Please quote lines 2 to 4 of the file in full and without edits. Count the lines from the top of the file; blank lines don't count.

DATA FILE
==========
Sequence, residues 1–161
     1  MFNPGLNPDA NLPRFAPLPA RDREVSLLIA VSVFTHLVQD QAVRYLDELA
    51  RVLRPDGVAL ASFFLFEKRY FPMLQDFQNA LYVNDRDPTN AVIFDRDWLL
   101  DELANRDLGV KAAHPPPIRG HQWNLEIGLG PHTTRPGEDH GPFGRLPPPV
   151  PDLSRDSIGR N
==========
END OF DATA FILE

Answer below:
     1  MFNPGLNPDA NLPRFAPLPA RDREVSLLIA VSVFTHLVQD QAVRYLDELA
    51  RVLRPDGVAL ASFFLFEKRY FPMLQDFQNA LYVNDRDPTN AVIFDRDWLL
   101  DELANRDLGV KAAHPPPIRG HQWNLEIGLG PHTTRPGEDH GPFGRLPPPV